Researchers from Moscow Institute of Physics and Technology (MIPT) and the longevity biotech company GERO have shown that physical activity data acquired from wearables can be used to produce digital biomarkers of aging and frailty. The breakthrough demonstration untaps the emerging potential of combining wearable sensors and AI technologies for continuous health risk monitoring with real-time feedback to life & health insurance, healthcare and wellness providers. The paper was published in Scientific Reports.
Many physiological parameters demonstrate tight correlations with age. Various biomarkers of age, such as DNA methylation, gene expression or circulating blood factor levels could be used to build accurate «biological clocks» to obtain individual biological age and the rate of aging estimations. Yet large-scale biochemical or genomic profiling is still logistically difficult and expensive for any practical applications beyond academic research.
The recent introduction of affordable wearable sensors enables collection and cloud-storing of personal digitized activity records. This tracking is already done without interfering with the daily routines of hundreds of millions of people all over the world.
Peter Fedichev, Ph.D., the head of the Laboratory of Biological Systems Simulation at MIPT, GERO Science Director, explains: "Artificial Intelligence is a powerful tool in pattern recognition and has demonstrated outstanding performance in visual object identification, speech recognition, and other fields. Recent promising examples in the field of medicine include neural networks showing cardiologist-level performance in detection of the arrhythmia in ECG data, deriving biomarkers of age from clinical blood biochemistry, and predicting mortality based on electronic medical records. Inspired by these examples, we explored AI potential for Health Risks Assessment based on human physical activity".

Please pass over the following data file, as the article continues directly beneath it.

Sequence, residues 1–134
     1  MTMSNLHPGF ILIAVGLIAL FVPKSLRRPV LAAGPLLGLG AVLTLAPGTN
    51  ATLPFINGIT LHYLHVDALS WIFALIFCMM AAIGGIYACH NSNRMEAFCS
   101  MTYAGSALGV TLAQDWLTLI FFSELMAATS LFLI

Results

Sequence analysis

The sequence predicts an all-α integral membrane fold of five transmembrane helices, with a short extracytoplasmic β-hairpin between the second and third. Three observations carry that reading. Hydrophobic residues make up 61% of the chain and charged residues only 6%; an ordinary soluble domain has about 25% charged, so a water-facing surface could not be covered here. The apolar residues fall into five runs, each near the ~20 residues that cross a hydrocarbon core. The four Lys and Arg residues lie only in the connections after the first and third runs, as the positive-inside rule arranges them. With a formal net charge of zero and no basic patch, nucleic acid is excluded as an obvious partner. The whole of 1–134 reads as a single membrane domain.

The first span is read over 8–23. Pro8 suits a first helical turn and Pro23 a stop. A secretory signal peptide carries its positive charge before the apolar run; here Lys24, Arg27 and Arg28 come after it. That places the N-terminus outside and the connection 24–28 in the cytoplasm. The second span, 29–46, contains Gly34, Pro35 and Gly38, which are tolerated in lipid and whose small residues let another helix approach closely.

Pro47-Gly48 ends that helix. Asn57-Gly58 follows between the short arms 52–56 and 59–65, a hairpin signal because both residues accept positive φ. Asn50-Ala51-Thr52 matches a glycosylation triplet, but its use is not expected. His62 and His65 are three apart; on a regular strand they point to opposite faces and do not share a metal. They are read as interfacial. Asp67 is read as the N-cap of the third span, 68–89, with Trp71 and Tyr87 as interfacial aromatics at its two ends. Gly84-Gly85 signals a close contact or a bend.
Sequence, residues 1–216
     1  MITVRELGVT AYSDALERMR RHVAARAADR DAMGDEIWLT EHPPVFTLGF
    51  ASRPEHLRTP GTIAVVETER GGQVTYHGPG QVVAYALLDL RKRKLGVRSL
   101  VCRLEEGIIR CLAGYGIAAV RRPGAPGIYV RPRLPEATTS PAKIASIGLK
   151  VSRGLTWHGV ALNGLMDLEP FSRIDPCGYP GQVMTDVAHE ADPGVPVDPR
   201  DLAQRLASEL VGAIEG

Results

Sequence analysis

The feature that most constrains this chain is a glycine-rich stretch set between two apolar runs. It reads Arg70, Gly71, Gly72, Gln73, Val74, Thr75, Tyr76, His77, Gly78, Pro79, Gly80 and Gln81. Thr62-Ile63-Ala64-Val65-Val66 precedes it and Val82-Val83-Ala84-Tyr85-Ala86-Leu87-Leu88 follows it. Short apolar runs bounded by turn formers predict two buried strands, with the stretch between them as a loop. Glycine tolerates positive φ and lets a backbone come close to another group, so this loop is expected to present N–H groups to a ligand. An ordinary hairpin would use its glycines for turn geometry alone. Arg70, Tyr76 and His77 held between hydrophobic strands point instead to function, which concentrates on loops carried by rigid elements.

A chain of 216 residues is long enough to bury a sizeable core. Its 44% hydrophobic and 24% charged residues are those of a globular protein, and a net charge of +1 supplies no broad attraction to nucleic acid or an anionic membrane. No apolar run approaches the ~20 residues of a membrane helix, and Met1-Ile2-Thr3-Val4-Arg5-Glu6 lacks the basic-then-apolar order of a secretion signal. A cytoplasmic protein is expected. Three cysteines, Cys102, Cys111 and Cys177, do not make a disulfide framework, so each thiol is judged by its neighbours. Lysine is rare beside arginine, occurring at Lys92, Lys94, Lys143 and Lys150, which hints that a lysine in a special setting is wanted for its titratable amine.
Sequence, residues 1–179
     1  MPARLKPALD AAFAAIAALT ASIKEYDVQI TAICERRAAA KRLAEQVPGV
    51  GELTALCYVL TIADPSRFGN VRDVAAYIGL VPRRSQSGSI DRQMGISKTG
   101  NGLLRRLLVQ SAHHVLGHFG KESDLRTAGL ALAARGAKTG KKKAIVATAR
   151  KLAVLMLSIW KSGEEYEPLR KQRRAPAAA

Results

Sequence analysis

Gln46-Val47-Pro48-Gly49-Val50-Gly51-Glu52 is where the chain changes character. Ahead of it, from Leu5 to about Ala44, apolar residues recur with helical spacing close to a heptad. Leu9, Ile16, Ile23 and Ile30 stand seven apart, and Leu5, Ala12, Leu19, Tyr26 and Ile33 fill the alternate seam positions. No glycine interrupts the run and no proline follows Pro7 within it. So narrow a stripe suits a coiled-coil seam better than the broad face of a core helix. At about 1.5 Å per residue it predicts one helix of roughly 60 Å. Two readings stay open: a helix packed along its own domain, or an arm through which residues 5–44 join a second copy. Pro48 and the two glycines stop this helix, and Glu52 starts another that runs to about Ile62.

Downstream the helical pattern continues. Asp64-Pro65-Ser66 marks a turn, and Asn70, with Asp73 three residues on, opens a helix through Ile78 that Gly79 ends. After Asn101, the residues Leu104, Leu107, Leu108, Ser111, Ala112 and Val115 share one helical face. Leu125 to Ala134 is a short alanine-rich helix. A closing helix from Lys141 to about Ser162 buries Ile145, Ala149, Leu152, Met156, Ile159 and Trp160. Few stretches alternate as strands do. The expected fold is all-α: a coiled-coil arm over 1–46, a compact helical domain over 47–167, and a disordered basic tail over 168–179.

Researchers have analyzed physical activity records and clinical data from a large 2003–2006 US National Health and Nutrition Examination Survey (NHANES). They trained the neural network to predict biological age and mortality risk of the participants from the one-week long stream of activity measurements. A state-of-the-art Convolution Neural Network was used to unravel the most biologically relevant motion patterns and establish their relation to general health and recorded lifespan. A novel AI-based algorithm created by scientists has outperformed any previously available models of biological age and mortality risks from the same data.
"Life and health insurance programs have already begun to provide discounts to their users based on physical activity monitored by fitness wristbands. We report that AI can be used to further refine the risks models. Combination of aging theory with the most powerful modern machine learning tools will produce even better health risks models to mitigate longevity risks in insurance, help in pension planning, and contribute to upcoming clinical trials and future deployment of anti-aging therapies" — concludes Peter Fedichev.
The scientific team has already developed a free beta-version of an iPhone application Gero Lifespan estimating user’s lifespan with the help of the built-in smartphone accelerometer.
The AI for Health Risks Assessment work is a part of GERO effort to produce non-invasive, accurate and affordable digital biomarkers of age and diseases using big data available from large biobanks, such as NHANES and UKBB (see https://www.biorxiv.org/content/early/2017/09/09/186569 for further examples of the team’s work).